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Andrew J. Dannenberg, M.D., honored with AACR-Prevent Cancer Foundation Award

PHILADELPHIA The AACR will present the 2011 AACR-Prevent Cancer Foundation Award for Excellence in Cancer Prevention Research to Andrew J. Dannenberg, M.D., at the 10th AACR International Conference on Frontiers in Cancer Prevention Research, held Oct. 22-25, 2011. Dannenberg is director of the Weill Cornell Cancer Center and director of cancer prevention at New York-Presbyterian/Weill Cornell Medical Center. He is also the Henry R. Erle, M.D.-Roberts Family Professor of Medicine at Weill Cornell Medical College.

Dannenberg's work has provided the basis for the transformative discovery linking obesity, inflammation and breast cancer. He is recognized for his work on the inflammation-cancer connection with an emphasis on prostaglandin biology. Dannenberg's research has been of major importance in explaining why levels of procarcinogenic prostaglandins are increased in inflamed tissues and tumors. He has also made major contributions to our understanding of why nonsteroidal anti-inflammatory drugs show chemopreventive activity.

The AACR-Prevent Cancer Foundation Award for Excellence in Cancer Prevention Research is given annually for seminal laboratory, translational, clinical, epidemiological or behavioral science contributions to the field of cancer prevention.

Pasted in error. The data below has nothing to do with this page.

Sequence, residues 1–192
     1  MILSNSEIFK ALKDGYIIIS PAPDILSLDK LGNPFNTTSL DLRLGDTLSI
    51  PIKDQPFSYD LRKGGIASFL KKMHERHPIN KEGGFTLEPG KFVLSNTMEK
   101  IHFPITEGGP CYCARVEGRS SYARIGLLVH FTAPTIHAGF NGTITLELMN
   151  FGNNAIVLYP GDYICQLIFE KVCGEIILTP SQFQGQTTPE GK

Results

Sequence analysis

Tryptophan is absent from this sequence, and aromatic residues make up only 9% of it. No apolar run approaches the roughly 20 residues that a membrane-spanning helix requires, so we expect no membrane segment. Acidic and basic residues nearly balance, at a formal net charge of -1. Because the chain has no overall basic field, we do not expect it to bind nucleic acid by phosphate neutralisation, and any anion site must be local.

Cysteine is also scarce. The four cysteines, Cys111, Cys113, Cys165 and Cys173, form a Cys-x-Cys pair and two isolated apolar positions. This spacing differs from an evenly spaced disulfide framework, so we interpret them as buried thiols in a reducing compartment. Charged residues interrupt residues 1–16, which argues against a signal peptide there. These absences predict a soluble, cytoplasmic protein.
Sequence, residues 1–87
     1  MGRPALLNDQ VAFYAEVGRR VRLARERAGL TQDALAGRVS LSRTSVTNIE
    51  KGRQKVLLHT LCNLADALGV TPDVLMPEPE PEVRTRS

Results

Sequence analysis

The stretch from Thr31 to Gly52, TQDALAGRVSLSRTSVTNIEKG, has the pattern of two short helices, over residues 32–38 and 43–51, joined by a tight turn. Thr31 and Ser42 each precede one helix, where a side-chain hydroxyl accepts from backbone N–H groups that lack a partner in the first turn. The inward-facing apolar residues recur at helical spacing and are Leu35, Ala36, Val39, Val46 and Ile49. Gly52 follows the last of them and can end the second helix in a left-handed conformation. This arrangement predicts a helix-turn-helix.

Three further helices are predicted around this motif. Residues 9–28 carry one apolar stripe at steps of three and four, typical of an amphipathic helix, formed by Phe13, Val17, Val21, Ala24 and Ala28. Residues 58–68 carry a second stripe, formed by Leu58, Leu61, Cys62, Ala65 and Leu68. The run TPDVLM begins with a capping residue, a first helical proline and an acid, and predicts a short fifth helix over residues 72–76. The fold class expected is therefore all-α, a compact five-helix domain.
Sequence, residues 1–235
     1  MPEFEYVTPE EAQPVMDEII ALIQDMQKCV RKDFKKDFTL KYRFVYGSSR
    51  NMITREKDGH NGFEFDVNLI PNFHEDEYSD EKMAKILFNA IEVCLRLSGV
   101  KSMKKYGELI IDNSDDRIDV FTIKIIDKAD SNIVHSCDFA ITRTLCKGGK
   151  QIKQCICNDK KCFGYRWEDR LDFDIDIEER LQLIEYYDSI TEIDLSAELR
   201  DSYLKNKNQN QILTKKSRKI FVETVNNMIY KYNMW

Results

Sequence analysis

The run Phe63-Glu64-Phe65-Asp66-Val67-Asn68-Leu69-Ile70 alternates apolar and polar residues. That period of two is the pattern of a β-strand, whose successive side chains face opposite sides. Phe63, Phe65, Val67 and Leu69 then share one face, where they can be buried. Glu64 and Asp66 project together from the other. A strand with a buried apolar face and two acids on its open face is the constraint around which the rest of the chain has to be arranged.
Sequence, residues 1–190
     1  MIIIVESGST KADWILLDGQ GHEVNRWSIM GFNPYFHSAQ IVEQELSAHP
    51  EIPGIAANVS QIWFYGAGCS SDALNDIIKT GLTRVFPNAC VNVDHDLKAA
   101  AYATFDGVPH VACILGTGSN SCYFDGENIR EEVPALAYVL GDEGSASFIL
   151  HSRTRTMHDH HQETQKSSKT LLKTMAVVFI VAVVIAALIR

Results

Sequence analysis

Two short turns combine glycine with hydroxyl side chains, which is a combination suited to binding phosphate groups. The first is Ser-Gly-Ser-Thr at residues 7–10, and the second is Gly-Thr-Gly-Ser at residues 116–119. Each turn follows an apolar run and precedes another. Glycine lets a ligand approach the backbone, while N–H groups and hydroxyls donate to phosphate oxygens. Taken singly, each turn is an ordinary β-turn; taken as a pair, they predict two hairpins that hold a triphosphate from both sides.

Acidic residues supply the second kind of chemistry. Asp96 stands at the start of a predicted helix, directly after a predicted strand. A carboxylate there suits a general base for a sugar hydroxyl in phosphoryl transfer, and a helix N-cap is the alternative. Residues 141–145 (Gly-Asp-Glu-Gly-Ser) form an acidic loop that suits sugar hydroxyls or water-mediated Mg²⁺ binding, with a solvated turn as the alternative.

Dannenberg's significant contributions include demonstrating that COX-2 was overexpressed in a variety of premalignant lesions and cancers; elucidating the mechanisms by which oncogenes, tumor suppressor genes, carcinogens and tumor promoters regulate COX-2 gene expression; utilizing both pharmacological and genetic strategies to establish the importance of targeting prostaglandin synthesis as a bona fide prevention strategy; defining the signal transduction pathways by which dietary and synthetic chemopreventive agents suppress COX-2 transcription and prostaglandin synthesis; and determining the signaling mechanism by which COX-derived prostaglandin E2 induced aromatase, the rate-limiting enzyme responsible for estrogen synthesis. This latter work led to an observational study in which the use of aspirin was associated with a reduced risk for hormone receptor-positive breast cancer.

In his most recent work that provides new insights into the link between obesity, inflammation and breast cancer, Dannenberg conducted a preclinical study in which he used experimental models to demonstrate the presence of the obesityinflammationaromatase axis in the mammary gland. As a result, COX-2-derived PGE2 appeared to play an important role in inducing aromatase in the mammary glands of obese mice. Subsequently, he successfully translated these preclinical findings.

Dannenberg will present his lecture, "Obesity and Breast Inflammation: Implications for Cancer Prevention," on Sunday, Oct. 23, 2011, at 5:15 p.m.


Contact: Michele Sharp
American Association for Cancer Research

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